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This satellite image shows the entire state of Colorado. Faint black lines were added to show the state border. The image shows the smoke from several large fires raging in Colorado at this time. The largest fire (just north of center) has been called the Hayman Fire. This fire has already spread about 100,000 acres! Click on the image for a more detailed image including city names.
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NASA (Liam Gumley at the

Wildfires are Burning in the Western United States
News story originally written on June 14, 2002

There are 19 large wildfires burning over 550,000 acres in the United States (as of June 13, 2002). Most of the fires are within western states such as California, Utah, Colorado, New Mexico, Wyoming and Alaska.

The largest fire, called the Hayman fire, has burnt almost 100,000 acres southwest of Denver, Colorado since Sunday June 9, 2002. Colorado has not received the typical amount of rain and snow this year, making the pine and conifer forests very dry and easily burnt. Although it has burnt some homes, the fire is mostly in National Forest land. A campfire started the blaze even though there is a ban on campfires in the area.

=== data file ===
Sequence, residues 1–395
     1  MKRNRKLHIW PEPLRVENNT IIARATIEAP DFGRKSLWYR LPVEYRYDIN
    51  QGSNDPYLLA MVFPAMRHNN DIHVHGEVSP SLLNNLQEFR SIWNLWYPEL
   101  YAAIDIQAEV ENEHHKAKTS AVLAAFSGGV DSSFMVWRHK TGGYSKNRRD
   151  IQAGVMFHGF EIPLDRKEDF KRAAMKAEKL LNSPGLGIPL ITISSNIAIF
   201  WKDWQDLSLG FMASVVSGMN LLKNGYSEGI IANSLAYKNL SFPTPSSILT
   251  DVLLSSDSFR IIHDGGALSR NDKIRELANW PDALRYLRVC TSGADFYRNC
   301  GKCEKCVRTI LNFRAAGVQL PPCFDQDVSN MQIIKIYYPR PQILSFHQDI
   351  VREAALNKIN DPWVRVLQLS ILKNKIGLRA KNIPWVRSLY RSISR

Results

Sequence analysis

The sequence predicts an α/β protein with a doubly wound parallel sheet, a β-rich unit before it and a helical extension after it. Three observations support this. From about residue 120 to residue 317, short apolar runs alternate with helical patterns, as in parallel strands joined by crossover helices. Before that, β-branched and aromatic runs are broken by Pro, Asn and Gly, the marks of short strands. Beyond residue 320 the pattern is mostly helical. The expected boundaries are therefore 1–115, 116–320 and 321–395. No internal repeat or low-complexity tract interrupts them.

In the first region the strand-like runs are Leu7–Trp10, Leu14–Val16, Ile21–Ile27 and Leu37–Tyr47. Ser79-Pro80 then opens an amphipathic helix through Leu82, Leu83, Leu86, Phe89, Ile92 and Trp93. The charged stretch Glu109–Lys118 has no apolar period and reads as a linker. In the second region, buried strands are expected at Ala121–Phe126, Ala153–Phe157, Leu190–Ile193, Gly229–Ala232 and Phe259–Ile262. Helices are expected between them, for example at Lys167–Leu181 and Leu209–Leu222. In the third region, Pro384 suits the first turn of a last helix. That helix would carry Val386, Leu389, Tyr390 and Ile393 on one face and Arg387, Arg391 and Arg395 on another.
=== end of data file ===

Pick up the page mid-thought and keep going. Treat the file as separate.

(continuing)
Wildfires may be started by either human or natural causes. Some wildfires are started naturally, usually sparked by lightning strikes. People who handle fire carelessly, however, start other wildfires. In Colorado this spring, people have accidentally started wildfires by dropping lit cigarettes on the ground, starting campfires in very dry conditions, and from letting a barbeque grill overturn.

A fire needs three things to burn: fuel, oxygen and heat. In the case of a wildfire, the fuel is trees, grasses, and shrubs, especially those that are dead and dry. The oxygen needed for a fire to burn comes from the air in our atmosphere, which contains approximately 21% oxygen. Heat is also necessary and temperatures of about 617 degrees F (325 degrees C) are needed for wood to burn. To stop a wildfire, firefighters try to take one or more of these three things from the fire.

The wildfires in the Western United States are being fought by a variety of methods. They are fought on the ground by firefighters with special training who attempt to smother the fire by covering it with dirt (removing oxygen) or water (removing heat). They also try to contain the fire by removing the dry wood that fuels it. Fires are also fought from the air with planes dropping a soupy material called slurry onto fires from above, separating the fire from oxygen. Additionally, NASA's Terra satellite is helping scientists and land managers to monitor fires from space by producing images like the one on the left that shows the location and extent of fires.

Despite efforts to stop wildfires, they are often natural occurrences started by lightning strikes. Small natural wildfires, called low intensity fires, can even be beneficial to forests, since they clear underbrush and dead trees, and make room for larger, living trees. This season's large wildfires in the West, however, have been high intensity fires, which destroy entire forests and do not benefit the environment. They burn both living and dead trees, with flames reaching the tops of the trees and jumping from one tree to another.


Last modified June 13, 2002 by Jennifer Bergman.

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